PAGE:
Presiding Bishop Elizabeth Eaton
I have been thinking a lot about the parable of the good Samaritan lately (Luke 10:25-37). Parts of it are so familiar—the unfortunate victim, the robbers, the priest, the Levite, the Samaritan—that I miss points of deeper meaning. We all know the compassion and generosity of the Samaritan has become the standard by which we measure our response to suffering. Hospitals are named Good Samaritan. All 50 states have a Good Samaritan law on the books. I always imagined (or hoped) that I would act like the good Samaritan were I ever in a similar situation.
There are two other characters connected to this story that I don’t always think about: the lawyer and Jesus. Theirs was not a casual conversation. The lawyer was looking to test Jesus. “Teacher, he said, what must I do to inherit eternal life?”
Jesus answers with a question: “What is written in the law?”
Being a good lawyer the man answered from Deuteronomy and Leviticus: “You shall love the Lord your God with all your heart, and with all your soul, and with all your strength, and with all your mind; and your neighbor as yourself.” Case closed. Conversation over.
But the lawyer couldn’t let it go: “… wanting to justify himself, he asked Jesus, ‘And who is my neighbor?’ ”
We know the man wanted to test Jesus and justify himself so his question was not an earnest inquiry about the Torah. Are some people my neighbor and some people not? How far does hospitality have to extend? Can there be limits to compassion? What is reasonable: Family? People on my block? My congregation? Fellow citizens? And, conversely, whom can I exclude? People across town or around the world? Who is my neighbor?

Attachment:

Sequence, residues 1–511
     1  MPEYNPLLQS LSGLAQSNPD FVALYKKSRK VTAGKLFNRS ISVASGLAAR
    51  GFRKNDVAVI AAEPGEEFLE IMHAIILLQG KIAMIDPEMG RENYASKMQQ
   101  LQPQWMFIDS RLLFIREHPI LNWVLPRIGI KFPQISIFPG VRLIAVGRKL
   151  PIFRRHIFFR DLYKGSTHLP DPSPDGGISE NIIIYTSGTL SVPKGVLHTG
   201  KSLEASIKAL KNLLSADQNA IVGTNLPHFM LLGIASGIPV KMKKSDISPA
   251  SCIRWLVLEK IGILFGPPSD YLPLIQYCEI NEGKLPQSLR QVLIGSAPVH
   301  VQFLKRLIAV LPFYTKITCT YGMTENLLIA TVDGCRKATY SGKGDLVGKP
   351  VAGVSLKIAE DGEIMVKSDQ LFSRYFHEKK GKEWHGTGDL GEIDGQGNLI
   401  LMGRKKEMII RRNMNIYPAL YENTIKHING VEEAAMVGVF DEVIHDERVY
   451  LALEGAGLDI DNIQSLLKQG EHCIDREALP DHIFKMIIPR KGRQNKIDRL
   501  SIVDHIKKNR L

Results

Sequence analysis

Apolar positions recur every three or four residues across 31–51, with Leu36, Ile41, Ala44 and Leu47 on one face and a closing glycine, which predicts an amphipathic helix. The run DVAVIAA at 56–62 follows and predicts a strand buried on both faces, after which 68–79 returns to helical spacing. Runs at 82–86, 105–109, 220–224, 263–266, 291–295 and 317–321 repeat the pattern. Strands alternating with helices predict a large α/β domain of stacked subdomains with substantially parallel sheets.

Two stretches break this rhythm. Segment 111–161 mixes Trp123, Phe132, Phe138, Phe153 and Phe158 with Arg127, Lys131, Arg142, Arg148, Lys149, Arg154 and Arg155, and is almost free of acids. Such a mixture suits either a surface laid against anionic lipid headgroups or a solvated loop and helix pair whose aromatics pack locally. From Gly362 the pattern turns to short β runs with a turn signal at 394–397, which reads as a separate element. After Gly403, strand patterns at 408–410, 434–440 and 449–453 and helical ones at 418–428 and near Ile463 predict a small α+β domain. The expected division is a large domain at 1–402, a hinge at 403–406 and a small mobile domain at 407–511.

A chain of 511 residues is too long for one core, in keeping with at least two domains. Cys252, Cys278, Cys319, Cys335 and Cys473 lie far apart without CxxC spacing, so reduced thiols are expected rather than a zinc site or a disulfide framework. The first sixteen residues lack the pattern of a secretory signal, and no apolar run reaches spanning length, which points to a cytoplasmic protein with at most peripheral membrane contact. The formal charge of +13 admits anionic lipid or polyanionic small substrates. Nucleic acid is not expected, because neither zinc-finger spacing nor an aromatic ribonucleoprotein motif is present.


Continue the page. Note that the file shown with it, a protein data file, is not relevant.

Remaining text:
It’s in answer to this question that Jesus tells the parable—a parable designed to be as provocative as possible.
We call the Samaritan “good” but that word is not found in Scripture. No Jew would call a Samaritan “good” nor would any Samaritan call a Jew “good.” Samaritans and Jews regarded each other as ceremonially unclean, socially outcast and heretical. They would not have come up automatically in the neighbor category.
It’s not clear that the beaten Jewish man would have been entirely thrilled that he had been helped and touched by the Samaritan. (Think of the All in the Family episode where Archie Bunker realizes he has received a blood transfusion from an African-American man.)
Now it’s Jesus’ turn to ask a question: “Which of these three, do you think, was a neighbor to the man who fell into the hands of the robbers?”
This becomes the question for us and for these times. When we ask, “Who is my neighbor?” we sort people into categories. Is the refugee my neighbor? Is the Muslim my neighbor? Is the Jew my neighbor? Is the Latina my neighbor? And on and on. This makes for increasingly smaller neighborhoods. And this question can be driven by fear and suspicion. Left to ourselves we turn in and away.
Thank God that God has not left us to ourselves. Our new life in Christ leads us to ask and answer a different question. Not, “Who is my neighbor?” but “How are we neighbor?”
The world is a dangerous place—just check any news source or social media. There are people who mean to do harm to our country. Fear and the threat of danger divide us and constrict us. But we live in the hope of the resurrection and in the certainty of the redemption of the world through the death and resurrection of Jesus Christ. We no longer ask, “Who is my neighbor?” The question is now, “How are we neighbor?”
The lawyer answered Jesus’ question about who was neighbor to the man beaten by robbers with: “The one who showed him mercy.” Jesus said to him, and to us, “Go and do likewise.”